‘Photography is boring’ he dismissed, as I tried to hide my shocked expression by looking out of the window at the fields whizzing by.
A few months ago, I was sat in a van with a TV cameraman in the middle of rural Leicestershire. (Granted, it was an unusual situation to find myself in.) We had a long journey weaving along the dark country lanes back to telly HQ in Nottingham, and we ended up chatting about cameras. Seems inevitable, really, doesn’t it?
I hadn’t dropped into conversation any hints about being a photography enthusiast. So, when I asked him if he started through photography and then moved onto videography from that, his answer surprised me.
He thought that photography was ‘boring’. Boring! (By the way, I’m not slating him for it – He was lovely and I learned a lot from him! Plus, his sheer tenacity and enthusiasm for his work was very admirable.) It just astonished me that someone who’s passionate about videography saw photography in such a negative light.
Now, I love both snapping photos and shooting video. (I don’t think it’d have been wise to train to be a Broadcast Journalist if I didn’t enjoy the latter.)
I eventually told him that I had a pro-level camera, and he couldn’t believe that I didn’t take my DSLR everywhere with me. My mumbling reply mainly consisted of feeble excuses about not having handbags big enough/it being too heavy/my kit being too expensive and therefore tempting for muggers… You get the picture. (No pun intended….)
To me, photography is a bit like therapy.
Anxiety often gets a hold of me, and the only thing that melts away those worries is having a camera in my hand.
Whether that’s my phone, my mirrorless camera, or even my Canon 6D.
If I’m concentrating on getting the picture, I’m not focussing on my fears and worries.
It’s been a long journey to get to where I am with photography today.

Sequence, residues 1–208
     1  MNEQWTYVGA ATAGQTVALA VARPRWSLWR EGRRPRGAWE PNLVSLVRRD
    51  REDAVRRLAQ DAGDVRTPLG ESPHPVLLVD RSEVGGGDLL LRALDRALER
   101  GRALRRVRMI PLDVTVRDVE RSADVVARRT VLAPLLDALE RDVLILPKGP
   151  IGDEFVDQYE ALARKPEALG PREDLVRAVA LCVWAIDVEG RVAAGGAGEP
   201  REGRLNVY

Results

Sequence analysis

It’s been a ten year adventure, where I’ve discovered what good it does for me. Ten years of observing the benefits it has for my mind and soul. Ten years of transmogrifying and evolving and learning.
Growing in a way I never thought I would.
I’m uncharacteristically uncompetitive when it comes to photography too.
It’s probably the only area of my life where I don’t compare myself to others too much. I’m much more self-assured about my skills, and about what I need to do to improve further, compared with anything else in life. I’m not insecure about how much better other people are than me.
I don’t care about any of that, because I know how far I’ve come in the past ten years, and I know I’ll go even further in the next ten.
I’m in this for the long-haul. This isn’t some short-lived fad for me, it’s the only hobby I’ve stuck by for this long because I love it so much.
I think it runs in my blood.
Some of my Dad’s side of the family love their cameras too, so even though I didn’t realise it until recently, I think there lies my influence.
I’ve had a camera of some description since I was a child: whether it was a disposable film camera, a rubbishy 5MP digital camera, or a DSLR.
There’s always been a camera of some sort to hand throughout my life.
But it took snapping one particular photo to awaken my love for it. One photo led me to realise that I did indeed adore photography.
It all started on the floor of St. Pancras Station.
I was 16, and on a school trip to London.
We were on our way home, and our teachers got us to St. Pancras way too early.
So we ended up sitting on the drafty floor of the station until our train departed.
A cluster of 50 bored and tired 16 year olds, sighing and huffing more than Kevin and Perry, sat on a mucky floor in a cold train station.
I’d taken a little digital camera with me, but barely used it on the trip.
On a whim, because I was bored, I whipped it out of my bag. I took a blurry photo of the commuters rushing by.
And then, I realised… It was fun! I loved it!
The snap turned out way better than I imagined it would.
A hastily snapped photo is responsible for sparking a love that led to tens of thousands more photos following it. It’s responsible for capturing my heart in a way no other hobby ever has. That one photo is responsible for ten years of growth and enjoyment. Quite the legacy.
I don’t think I even have a copy of that photo any more, but it’s etched in my memory, and I’m sure it will be until the day I die.
I’m perfectly aware, and always have been, that I’m no David Bailey. But, that picture made me feel excited about photography. It inspired me to improve my skills. It drove me to immerse myself in it.
And I’ve never looked back.
What do you love about photography?